Dogged by questions, Ravens looking to unleash answers

Getting J. Lewis untracked is key to avoiding 0-2 start

Ravens Vs. Steelers

September 19, 2004|By Jamison Hensley | Jamison Hensley,SUN STAFF

A cloud of uncertainty looms over today's home opener against the Pittsburgh Steelers, where the Ravens arrive with questions about their running game, their secondary and, ultimately, their season.

By sundown, the Ravens (0-1) will have re-established themselves as the defending AFC North champions, or their season will be put on notice by Week 2.

Since the NFL expanded to a 16-game schedule in 1978, only five teams that lost in the first two weeks of the season to division rivals have gone on to reach the postseason.

Panic has yet to infiltrate the locker room, which has been short on sound bites but long on significance this week.

"We're trying to get the lead of our division," said Ray Lewis, All-Pro linebacker and the Ravens' unquestioned leader. "Without saying much more, this game means everything. I think we understand that, and I think Pittsburgh [does] as well."

A divisional rivalry in which players have tried to rip each other apart over the years - with bounties, stomps to the head and confrontations outside the team bus - features two teams linked by common philosophies.

Their offenses are trying to get back to relentless running games. Their defenses, among the last to still use the 3-4 scheme, are equally aggressive and unpredictable. They even share a mutual respect, though Steelers linebacker Joey Porter calls it a "pure hatred" for one another.

"All shots are dirty, everything is dirty, so you don't have to feel bad about it when you do it," Porter said. "I'll knock you down, [but] don't lift your hand up because I'm not going to help you. Leave it that way. I know you don't like me. I don't like you. Let's go at it."

The running theme of the week has been the Steelers (1-0) going back to their rushing roots with new featured back Duce Staley. The same could be said of the Ravens.

Jamal Lewis, the reigning NFL rushing champion, was held to 57 yards on 20 carries in the season-opening loss to the Browns in Cleveland.

After the game, Lewis said he was satisfied with the amount of carries. Last week, the league's Offensive Player of the Year changed directions.

"We know how to run the football," Jamal Lewis said. "I don't think I actually got into a rhythm. It was a lack of chances. It wasn't a lack of blocking."

Billick had a 10-minute sitdown at Lewis' locker on Thursday, which is believed to be the first such meeting in Billick's six-year tenure with the team. Billick later said he was just "casually checking up" on Lewis and wasn't prompted by any event.

Lewis' carries have been a major barometer in determining the Ravens' success against the Steelers.

When he is limited to fewer than 20 carries as a starter, the Ravens are 0-4 against Pittsburgh. When he received 27 carries in last season's finale (the only time he has gotten more than 20 carries in the series), the Ravens won.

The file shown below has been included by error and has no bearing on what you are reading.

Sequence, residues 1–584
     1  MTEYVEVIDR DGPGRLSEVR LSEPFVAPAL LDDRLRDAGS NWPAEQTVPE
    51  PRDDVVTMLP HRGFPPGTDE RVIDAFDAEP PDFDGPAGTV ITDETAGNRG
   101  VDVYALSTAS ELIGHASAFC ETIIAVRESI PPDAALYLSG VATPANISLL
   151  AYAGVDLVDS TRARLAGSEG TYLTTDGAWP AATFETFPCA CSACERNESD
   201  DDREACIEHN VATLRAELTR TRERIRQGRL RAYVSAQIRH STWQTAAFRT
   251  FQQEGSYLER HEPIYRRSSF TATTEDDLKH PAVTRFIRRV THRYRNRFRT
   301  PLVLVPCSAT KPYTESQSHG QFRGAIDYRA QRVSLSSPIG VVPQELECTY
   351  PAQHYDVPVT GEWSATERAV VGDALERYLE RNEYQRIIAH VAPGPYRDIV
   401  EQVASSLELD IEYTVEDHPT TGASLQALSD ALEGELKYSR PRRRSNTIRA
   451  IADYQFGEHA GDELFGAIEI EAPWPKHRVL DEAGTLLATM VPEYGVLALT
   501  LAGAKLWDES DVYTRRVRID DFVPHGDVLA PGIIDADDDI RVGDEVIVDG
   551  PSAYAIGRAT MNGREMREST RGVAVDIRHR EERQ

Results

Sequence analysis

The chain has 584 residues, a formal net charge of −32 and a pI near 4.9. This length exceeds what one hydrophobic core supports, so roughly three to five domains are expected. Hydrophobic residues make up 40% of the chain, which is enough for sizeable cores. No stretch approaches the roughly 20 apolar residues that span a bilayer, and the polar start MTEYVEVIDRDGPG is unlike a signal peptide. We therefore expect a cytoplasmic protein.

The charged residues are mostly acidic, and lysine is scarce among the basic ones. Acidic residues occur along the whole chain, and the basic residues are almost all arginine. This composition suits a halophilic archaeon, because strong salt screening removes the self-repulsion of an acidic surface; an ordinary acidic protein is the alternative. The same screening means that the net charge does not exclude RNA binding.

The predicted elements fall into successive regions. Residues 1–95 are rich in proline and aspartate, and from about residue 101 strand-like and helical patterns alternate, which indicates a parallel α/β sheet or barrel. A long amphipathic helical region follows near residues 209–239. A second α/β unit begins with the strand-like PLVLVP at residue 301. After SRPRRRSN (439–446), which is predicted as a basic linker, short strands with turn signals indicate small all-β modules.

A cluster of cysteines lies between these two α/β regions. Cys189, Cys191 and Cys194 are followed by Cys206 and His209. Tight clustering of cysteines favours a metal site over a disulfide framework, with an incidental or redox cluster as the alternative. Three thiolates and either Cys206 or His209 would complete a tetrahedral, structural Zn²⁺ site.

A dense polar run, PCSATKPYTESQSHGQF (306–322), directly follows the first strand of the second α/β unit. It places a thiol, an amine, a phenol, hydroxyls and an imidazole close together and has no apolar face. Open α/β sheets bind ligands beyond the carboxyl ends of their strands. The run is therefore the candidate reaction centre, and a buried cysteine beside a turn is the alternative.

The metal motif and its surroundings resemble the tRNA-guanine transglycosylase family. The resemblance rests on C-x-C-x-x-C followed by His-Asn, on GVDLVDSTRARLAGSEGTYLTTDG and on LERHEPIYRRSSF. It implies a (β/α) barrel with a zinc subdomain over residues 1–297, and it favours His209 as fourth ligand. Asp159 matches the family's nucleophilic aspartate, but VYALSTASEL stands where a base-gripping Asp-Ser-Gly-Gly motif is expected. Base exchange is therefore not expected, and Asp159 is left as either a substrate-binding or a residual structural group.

"We did a few things different last week trying to switch things up as far as scheme," said Lewis, who has not been held under 100 yards in consecutive games since December 2002. "I kind of see us reverting back to doing what we do best as an offense."

Bouncing back is also in order for the Ravens' secondary.

The Ravens shut down the Browns last Sunday for all but two plays. Communication breakdowns led to completions of 46 and 51 yards, which accounted for more than half of Cleveland's passing yards (180).

The emotions carried over from those mistakes will be mixed with the volatile feelings that come with matching up with physical Steelers receivers Hines Ward and Plaxico Burress.

"If you can't get up and get ready to play this game," said Ravens cornerback Chris McAlister, "then you're never going to be ready to play the rest of the season."

The Ravens are banking on a handful of backups to be ready for the intensity of this rivalry.

While All-Pro offensive tackle Jonathan Ogden will return after missing last week with a sprained left knee, the Ravens will be without four starters: center Mike Flynn (collarbone), receiver Travis Taylor (groin), nose tackle Kelly Gregg (knee) and outside linebacker Peter Boulware (knee).

Of their backups - center Casey Rabach, receiver Randy Hymes, nose tackle Maake Kemoeatu and outside linebacker Adalius Thomas - only Thomas has started more than eight games.

"We kind of got a perfect storm with injuries," coach Brian Billick said. "It's time for the younger guys to step up."

Today, the Ravens will prove that last week's upset did nothing to change their goals - they are aware that the past three Super Bowl champions opened with a loss - or they will absorb another crushing blow to a season of heightened expectations.

"You don't put something like going 0-2 in your head," Ray Lewis said. "Once you think it, you're done."

0-2 is a deep hole

If the Ravens want to reach the playoffs, they proably need to avoid an 0-2 start. Over the past five seasons, 42 teams have lost their first two games. Only four went to the playoffs, and 31 finished with losing records:

0-2 Reached Losing

Year teams playoffs records

1999 8 0 5

2000 10 0 8

2001 9 1 7

2002 8 2 6

2003 7 1 5

Ravens today

Matchup: Pittsburgh Steelers (1-0) vs. Ravens (0-1)

Site: M&T Bank Stadium

Time: 1 p.m.

TV/Radio: Ch. 13/ WJFK (1300 AM), WQSR (102.7 FM)

Line: Ravens by 4

Inside

Scouting report, statistics, lineups and more. Page 15E

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